Mayor apologizes for sky high water bills after CBS 6 Problem Solvers story

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PETERSBURG, Va. – Reports of mismanagement within the utilities department in Petersburg continue to accumulate.

Earlier in this week residents said they have battled higher than usual water bills, irregular delivery of bills, and that the city won't cooperate with concerns.

Now at least one person has had their water shut off and said it is directly connected to the issue.

“We went out to take the kids to school and runs some errands,came back and had no water,” Dave Cook said. “The last bill we received was in May.”

“The water bills are supposed to come every month, but right now we don’t know when they are going to come, we get them when we get them,” said Ricky Flowers.

One resident said when she did get through to someone, they bickered back and forth.

 “The last bill we received was in May," Dave Cook said.

“The last bill we received was in May," Dave Cook said.

“Prove to us you didn’t get a bill,” is what Beverly Nevetral said she was told. To which she responded ”prove to us you mailed one.”

Those who have received bills said the total reflects far more water than they could ever use in a month.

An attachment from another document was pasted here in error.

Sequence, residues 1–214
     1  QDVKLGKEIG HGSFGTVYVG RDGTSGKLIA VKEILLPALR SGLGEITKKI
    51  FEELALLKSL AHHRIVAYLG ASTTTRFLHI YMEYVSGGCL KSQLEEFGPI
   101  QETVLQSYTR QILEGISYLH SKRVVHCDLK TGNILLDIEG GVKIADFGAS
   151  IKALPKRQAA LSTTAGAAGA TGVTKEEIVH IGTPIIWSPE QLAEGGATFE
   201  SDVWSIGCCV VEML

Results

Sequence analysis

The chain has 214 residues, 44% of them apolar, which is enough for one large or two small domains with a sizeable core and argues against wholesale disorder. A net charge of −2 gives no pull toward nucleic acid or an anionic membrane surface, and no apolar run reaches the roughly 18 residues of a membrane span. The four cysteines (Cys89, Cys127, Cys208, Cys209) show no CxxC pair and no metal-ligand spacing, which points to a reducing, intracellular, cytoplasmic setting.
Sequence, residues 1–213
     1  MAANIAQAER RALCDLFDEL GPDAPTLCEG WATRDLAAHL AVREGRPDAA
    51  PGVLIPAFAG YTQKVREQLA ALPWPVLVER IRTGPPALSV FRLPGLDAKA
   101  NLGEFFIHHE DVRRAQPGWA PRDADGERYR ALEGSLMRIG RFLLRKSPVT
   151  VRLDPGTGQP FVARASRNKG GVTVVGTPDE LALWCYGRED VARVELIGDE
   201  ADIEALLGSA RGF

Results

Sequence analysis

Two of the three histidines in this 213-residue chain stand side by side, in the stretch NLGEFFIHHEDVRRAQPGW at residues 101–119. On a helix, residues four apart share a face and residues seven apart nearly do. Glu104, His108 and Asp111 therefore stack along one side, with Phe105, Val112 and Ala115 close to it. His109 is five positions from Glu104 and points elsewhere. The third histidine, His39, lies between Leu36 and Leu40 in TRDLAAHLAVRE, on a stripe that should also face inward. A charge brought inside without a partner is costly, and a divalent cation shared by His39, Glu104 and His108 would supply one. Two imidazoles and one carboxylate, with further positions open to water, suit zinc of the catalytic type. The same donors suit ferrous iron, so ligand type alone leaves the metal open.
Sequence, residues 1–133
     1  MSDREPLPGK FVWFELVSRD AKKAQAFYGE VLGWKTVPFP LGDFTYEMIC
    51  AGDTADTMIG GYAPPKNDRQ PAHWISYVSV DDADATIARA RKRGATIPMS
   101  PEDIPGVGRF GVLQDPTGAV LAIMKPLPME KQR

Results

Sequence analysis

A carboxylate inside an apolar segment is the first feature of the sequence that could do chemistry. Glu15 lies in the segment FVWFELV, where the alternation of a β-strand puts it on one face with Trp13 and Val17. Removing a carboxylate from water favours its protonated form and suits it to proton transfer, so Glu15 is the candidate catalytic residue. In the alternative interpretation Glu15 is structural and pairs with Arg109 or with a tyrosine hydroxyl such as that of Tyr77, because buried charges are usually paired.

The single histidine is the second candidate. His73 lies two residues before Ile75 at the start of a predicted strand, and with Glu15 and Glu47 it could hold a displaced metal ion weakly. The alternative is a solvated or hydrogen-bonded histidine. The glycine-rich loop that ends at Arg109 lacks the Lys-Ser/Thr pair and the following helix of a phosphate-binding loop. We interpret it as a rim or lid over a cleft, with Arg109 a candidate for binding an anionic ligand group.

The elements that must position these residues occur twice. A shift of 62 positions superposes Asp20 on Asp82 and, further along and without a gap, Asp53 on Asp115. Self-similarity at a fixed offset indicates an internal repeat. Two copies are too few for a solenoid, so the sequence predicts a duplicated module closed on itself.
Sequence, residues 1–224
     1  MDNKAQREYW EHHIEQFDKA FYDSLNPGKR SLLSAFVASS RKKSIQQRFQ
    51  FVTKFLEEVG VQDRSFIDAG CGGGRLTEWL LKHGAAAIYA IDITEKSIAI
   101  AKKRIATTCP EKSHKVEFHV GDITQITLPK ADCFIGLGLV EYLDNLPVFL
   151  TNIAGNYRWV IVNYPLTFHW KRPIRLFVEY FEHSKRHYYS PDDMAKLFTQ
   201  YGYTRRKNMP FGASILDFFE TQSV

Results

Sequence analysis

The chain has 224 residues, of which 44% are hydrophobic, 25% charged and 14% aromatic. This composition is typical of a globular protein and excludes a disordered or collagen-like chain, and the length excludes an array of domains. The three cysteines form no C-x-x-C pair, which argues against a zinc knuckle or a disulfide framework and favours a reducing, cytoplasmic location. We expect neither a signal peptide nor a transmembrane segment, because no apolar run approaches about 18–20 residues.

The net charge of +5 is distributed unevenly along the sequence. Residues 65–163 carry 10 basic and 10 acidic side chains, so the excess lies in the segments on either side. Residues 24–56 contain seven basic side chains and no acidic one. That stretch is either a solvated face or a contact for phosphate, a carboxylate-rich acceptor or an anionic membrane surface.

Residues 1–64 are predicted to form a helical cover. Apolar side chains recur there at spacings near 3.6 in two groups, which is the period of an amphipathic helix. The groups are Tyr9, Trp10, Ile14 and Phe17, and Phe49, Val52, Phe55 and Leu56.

Lester Wetsch, with a recent bill for $5,137.95, has the distinction of the highest water bill on Mount Vernon Street, but he was not alone with an outrageous bill.

"To round it off, $2,200," neighbor Cliff Nevetral said.

A few doors down, Sharon Sculthorpe was billed $3,871.52, for one month.

Water bill

"And I was gone for one week on vacation," she said.

"I think it's total incompetence," neighbor Kay Beale said. "We call and nobody will return calls; when they get flooded with a lot of problems like this, they will lock the doors."

Neighbors said it was obvious no one has used thousands of dollars in water.

"If we left it running all day we couldn't use that much water," neighbor Beverly Nevetral said.

Petersburg Mayor W. Howard Myers said he has heard about the situation.

"I have to say, I'm very saddened these situations are going on at this particular time," he said from outside City Hall. "I don't want to always blame the meter, but maybe at this particular point, the administration has dropped the ball to some degree. Administratively we have made some changes."

The mayor asked citizens to be patient and said he hoped in the next 30 days the water bills will be on track.

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